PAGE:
In the Ches-Mont, that means a season of unscored virtual meets. Each school competes at home on designated days. Times are submitted and compared across the league, mainly to allow swimmers to see where they stand. The meets aren’t scored, for several reasons, among them recognition that swimmers are in very different places in their training because of pandemic-related disruptions. It also frees coaches to allow swimmers to do what’s best for them, rather than focusing on points.

So it was for Sun Valley Tuesday, over a crisp hour and 20 minutes (in part because of only one diver). It required the team to create its own energy. Whether hovering over Lane 6 to cheer on a swimmer or an explosion of noise as the A and B 200 freestyle relays raced, it felt for moments like a high school meet.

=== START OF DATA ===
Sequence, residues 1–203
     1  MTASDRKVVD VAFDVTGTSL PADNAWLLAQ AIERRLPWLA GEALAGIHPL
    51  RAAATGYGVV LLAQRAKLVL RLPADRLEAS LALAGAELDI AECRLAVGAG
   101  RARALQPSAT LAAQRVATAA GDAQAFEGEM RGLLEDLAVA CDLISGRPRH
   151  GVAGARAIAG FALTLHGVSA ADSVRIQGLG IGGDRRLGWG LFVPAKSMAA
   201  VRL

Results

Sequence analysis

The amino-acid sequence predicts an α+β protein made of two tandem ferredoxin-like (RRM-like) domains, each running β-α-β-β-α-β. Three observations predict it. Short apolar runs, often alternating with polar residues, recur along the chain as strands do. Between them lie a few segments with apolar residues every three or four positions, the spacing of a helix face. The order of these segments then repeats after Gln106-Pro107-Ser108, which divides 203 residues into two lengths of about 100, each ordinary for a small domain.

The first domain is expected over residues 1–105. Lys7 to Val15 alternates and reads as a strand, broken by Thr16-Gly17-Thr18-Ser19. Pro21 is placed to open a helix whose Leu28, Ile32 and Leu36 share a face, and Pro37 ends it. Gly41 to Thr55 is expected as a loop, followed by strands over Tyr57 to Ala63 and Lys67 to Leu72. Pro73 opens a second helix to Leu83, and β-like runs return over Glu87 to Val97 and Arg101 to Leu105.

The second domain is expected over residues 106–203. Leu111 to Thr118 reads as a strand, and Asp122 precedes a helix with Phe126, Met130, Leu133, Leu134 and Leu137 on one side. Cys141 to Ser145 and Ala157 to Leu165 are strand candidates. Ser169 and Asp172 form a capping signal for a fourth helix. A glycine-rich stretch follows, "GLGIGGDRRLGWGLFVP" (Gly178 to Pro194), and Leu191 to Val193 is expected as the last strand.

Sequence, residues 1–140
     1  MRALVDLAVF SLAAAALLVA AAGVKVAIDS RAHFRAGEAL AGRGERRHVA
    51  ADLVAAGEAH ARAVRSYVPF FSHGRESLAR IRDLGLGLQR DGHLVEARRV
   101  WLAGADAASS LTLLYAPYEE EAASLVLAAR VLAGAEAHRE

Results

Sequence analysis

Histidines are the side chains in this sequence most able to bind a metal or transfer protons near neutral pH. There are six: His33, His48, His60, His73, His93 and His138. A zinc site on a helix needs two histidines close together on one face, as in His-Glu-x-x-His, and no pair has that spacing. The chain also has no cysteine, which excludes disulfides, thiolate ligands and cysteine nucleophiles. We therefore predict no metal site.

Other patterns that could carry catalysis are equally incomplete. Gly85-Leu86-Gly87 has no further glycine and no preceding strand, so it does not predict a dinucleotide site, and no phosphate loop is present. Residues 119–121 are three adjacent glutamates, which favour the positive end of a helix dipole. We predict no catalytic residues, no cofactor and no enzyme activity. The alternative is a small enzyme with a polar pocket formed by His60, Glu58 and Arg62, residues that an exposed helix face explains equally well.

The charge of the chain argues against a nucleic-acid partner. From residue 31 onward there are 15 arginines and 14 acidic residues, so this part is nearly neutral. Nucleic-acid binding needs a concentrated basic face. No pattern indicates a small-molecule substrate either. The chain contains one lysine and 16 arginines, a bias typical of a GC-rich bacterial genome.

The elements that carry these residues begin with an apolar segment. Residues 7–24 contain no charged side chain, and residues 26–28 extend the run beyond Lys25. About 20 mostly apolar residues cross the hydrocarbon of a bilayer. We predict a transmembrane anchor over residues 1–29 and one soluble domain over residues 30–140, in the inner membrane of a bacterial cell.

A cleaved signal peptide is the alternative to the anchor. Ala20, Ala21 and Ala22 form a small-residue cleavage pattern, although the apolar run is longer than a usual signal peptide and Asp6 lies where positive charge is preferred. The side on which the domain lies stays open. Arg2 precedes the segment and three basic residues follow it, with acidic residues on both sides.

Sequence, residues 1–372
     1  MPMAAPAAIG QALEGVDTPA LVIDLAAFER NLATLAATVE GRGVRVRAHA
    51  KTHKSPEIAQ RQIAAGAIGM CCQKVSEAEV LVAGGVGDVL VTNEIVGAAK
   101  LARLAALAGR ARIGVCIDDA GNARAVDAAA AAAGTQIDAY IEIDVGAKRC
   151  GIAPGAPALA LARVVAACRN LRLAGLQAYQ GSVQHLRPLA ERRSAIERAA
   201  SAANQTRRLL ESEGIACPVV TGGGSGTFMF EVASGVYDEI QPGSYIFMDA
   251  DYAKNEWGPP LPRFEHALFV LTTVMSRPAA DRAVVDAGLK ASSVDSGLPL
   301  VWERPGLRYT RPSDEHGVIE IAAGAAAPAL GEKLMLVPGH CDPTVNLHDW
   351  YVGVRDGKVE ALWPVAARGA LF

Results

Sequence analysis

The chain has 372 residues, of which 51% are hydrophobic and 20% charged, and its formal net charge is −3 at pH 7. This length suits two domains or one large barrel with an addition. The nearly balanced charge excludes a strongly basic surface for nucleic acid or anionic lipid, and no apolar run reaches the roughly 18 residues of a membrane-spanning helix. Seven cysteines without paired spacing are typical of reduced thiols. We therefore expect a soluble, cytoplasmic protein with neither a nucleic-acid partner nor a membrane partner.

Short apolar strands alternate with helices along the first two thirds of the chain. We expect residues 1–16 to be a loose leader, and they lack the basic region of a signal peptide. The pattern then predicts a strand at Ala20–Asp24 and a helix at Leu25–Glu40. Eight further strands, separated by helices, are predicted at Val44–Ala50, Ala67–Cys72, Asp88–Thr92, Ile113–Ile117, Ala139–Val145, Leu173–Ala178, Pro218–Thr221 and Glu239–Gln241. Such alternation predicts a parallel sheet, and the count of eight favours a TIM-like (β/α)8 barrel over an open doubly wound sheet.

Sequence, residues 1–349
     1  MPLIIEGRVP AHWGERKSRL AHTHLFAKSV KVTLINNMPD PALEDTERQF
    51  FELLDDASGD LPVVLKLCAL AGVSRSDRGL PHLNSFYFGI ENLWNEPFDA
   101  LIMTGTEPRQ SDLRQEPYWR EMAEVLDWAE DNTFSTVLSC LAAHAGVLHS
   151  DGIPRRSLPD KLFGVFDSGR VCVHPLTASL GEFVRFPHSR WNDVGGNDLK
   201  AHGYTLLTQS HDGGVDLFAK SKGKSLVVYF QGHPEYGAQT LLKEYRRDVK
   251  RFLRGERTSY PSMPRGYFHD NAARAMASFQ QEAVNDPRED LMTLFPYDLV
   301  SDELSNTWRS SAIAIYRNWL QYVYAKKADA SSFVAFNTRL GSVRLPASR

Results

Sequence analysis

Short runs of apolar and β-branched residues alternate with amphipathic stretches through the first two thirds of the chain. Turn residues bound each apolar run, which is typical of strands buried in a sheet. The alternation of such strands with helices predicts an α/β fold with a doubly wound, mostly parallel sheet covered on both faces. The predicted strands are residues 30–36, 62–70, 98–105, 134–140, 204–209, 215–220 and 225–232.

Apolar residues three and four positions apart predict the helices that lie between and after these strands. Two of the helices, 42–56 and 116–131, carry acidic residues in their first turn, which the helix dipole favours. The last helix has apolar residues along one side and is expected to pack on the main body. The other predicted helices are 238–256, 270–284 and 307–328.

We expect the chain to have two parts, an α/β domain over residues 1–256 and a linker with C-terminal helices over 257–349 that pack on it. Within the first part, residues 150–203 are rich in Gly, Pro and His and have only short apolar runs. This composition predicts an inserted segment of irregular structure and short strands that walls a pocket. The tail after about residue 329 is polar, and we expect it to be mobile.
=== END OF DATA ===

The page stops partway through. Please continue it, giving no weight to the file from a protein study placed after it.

“I’m really happy to have them back this year and be with them,” former assistant coach and first-year head coach Angela Shicatano said. “They are enjoying this whole season. It ultimately didn’t even matter to them what the season looked like, just the fact that they could get in and race again, it makes all the difference.”

Shicatano’s focus as a coach has had to shift. It’s not about scoring points or winning meets. Instead, the goals are more rudimentary. It’s about day-to-day improvement. It’s a longer game, getting kids to love the sport for the long-term health benefits. It’s about a collective social and athletic experience.

That was the thinking last week when the team decided to do something different for senior recognition, an intrasquad meet where swimmers picked teams and swam against each other. The idea of breaking up the regimented schedule of a normal season with such a meet is unheard-of. But for the moment Sun Valley finds itself in, it felt perfect.